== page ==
The Wahkiakum County Eagle - Established as The Skamokawa Eagle in 1891

Life-long collector opens Cathlamet shop

 

September 20, 2018

Diana Zimmerman

One of Dee Syfert-Subramaniam's joys has been collecting. She decided to turn the hobby into a business, which also gives her a chance to interact with a community she has come to love.

A new shop, D's Art Antiques and Collectibles, opened on Main Street in Cathlamet last month.

It's full of treasures collected by Dee Syfert-Subramaniam, who bought property in Skamokawa a few years ago.

"I was into collecting for myself," she said. "I had an interest in antiques my whole life."

When she was a teenager, she and her siblings found what she described as a "really cool table" at a thrift store on a military base. The three of them worked together to strip it down and refinish it. It is a fond memory.

Her mother collected dolls, and though Syfert-Subramaniam was more of a self-described tomboy, she found herself collecting them too. As well as many other things.

"They say when you have three of something, it becomes a collection," she laughed. "I'd like to refine what I keep in terms of what I continue to buy and resell and keep the dolls to just the vintage. Right now I have more of a variety."

This is the first time she's had a shop, but she's been buying and selling vintage items for years online.

The bright side of having a shop?

"I can still enjoy looking at these things but this way, someone else can enjoy it," Syfert-Subramaniam said.

Syfert-Subramaniam was raised in upstate New York, but was encouraged by a friend to relocate to the Portland area for a job after working in the software industry in Pennsylvania for many years.

"My dad was in a place where he really needed care," she said. "He was retired military and we wanted a VA hospital close to me or my sister, but we could find nothing. My friend said one of the best VA hospitals in the country was here in Portland."

Her daughter was a senior in high school at the time, and Syfert-Subramaniam was hesitant to move. The same friend told her that the software company that wanted to hire her was funding a big computer lab for the local school.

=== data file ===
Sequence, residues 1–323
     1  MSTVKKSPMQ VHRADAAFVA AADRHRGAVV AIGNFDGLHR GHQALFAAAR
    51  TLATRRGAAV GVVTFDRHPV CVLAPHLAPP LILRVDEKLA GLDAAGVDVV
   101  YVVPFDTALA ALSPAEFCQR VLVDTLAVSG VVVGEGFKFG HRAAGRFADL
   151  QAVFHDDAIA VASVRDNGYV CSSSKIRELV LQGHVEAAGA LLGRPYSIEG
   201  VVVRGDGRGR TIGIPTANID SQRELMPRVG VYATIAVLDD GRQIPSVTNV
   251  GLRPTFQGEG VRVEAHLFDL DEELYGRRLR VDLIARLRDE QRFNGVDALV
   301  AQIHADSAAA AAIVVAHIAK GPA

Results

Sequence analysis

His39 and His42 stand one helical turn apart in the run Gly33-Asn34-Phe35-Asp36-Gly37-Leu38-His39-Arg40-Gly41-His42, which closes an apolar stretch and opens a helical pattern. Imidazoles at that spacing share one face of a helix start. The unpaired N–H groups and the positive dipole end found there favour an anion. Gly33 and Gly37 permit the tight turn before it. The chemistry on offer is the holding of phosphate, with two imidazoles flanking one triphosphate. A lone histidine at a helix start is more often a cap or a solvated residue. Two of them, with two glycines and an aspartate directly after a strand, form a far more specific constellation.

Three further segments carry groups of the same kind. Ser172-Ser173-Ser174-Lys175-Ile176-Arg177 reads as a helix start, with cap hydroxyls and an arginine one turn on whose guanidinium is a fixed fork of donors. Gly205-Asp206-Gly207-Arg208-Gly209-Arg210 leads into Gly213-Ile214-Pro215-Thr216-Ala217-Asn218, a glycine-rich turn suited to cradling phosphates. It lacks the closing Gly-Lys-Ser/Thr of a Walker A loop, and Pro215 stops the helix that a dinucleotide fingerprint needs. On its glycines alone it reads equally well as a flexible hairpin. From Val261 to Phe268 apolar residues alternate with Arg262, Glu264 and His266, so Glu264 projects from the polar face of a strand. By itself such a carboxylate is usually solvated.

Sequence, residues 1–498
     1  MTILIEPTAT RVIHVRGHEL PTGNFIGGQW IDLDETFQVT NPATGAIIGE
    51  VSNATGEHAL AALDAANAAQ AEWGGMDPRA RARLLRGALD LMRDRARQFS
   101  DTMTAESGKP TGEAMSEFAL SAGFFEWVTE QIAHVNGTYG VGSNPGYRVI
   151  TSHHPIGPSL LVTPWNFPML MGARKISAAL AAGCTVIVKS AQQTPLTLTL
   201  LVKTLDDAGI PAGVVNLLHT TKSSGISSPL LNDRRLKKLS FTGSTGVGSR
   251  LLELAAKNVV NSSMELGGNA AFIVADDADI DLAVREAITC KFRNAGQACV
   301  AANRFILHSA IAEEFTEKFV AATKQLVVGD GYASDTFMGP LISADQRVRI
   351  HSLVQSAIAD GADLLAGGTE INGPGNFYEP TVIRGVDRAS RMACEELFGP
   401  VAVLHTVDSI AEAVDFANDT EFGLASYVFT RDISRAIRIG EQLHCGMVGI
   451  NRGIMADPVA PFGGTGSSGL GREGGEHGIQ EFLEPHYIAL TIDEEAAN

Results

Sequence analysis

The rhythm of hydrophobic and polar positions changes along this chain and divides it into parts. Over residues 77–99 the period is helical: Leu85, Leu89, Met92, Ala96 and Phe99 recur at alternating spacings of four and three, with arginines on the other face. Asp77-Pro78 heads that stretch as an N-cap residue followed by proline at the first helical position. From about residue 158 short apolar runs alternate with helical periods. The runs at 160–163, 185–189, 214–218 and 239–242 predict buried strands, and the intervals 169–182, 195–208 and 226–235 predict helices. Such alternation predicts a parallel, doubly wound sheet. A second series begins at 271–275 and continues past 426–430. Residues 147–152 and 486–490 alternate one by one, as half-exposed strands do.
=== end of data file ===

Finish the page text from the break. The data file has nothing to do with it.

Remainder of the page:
"Where does that dream school exist?" her daughter asked.

It was all "head west" from there.

As one does when one moves to a new place, Syfert-Subramaniam explored the area. One day she and a friend were on one of their drives when she found a lovely place along the Columbia River that really stuck with her. The problem was, she couldn't remember where it was and she couldn't find it again.

Until finally, she did.

"I was out by myself on a drive," Syfert-Subramaniam said. "I had tried to find the place on and off. Maybe it was Sauvie Island, I would think. I happened to drive down Highway 4. For some reason I never took Highway 4. All the sudden I saw the post office and general store and I thought, that's the place!"

It was Skamokawa.

And it turned out that the Adam's net shed on Brooks Slough, which she had fallen in love with on her first visit, was for sale.

"I love the people here," Syfert-Subramaniam said. "A lot of people end up here in the same kind of bizarre, serendipitous way that I did. I love this area."

Along with the antiques and collectibles are some of Syfert-Subramaniam's own art work.

Diana Zimmerman

All kinds of treasures can be found in Syfert-Subramaniam's shop on Main Street in Cathlamet.

"When I was young, I showed some aptitude," she said. "I was one of those kids who actually loved school. I would take extra courses, but I didn't have time to take art during the normal school year. I would take summer school, just to take art classes."

Her mother paid for her to have lessons with a renowned portraitist, whose name she can no longer remember. And at a community center one night of the week, she would join a group of older local artists, sometimes with a live model, and they would chat and critique each other's work.

Her art was put on the back burner she said, but she continues with beadwork, which she sells in the shop, along with some of her photography and paintings.

The shop is currently open on Thursday, Friday, and Saturday from 11 a.m. to 5 p.m. Her number is listed on the window, and she invites people to call if the shop is closed and they would like to look inside.

 

Reader Comments
(0)

 
 

Powered by ROAR Online Publication Software from Lions Light Corporation
© Copyright 2018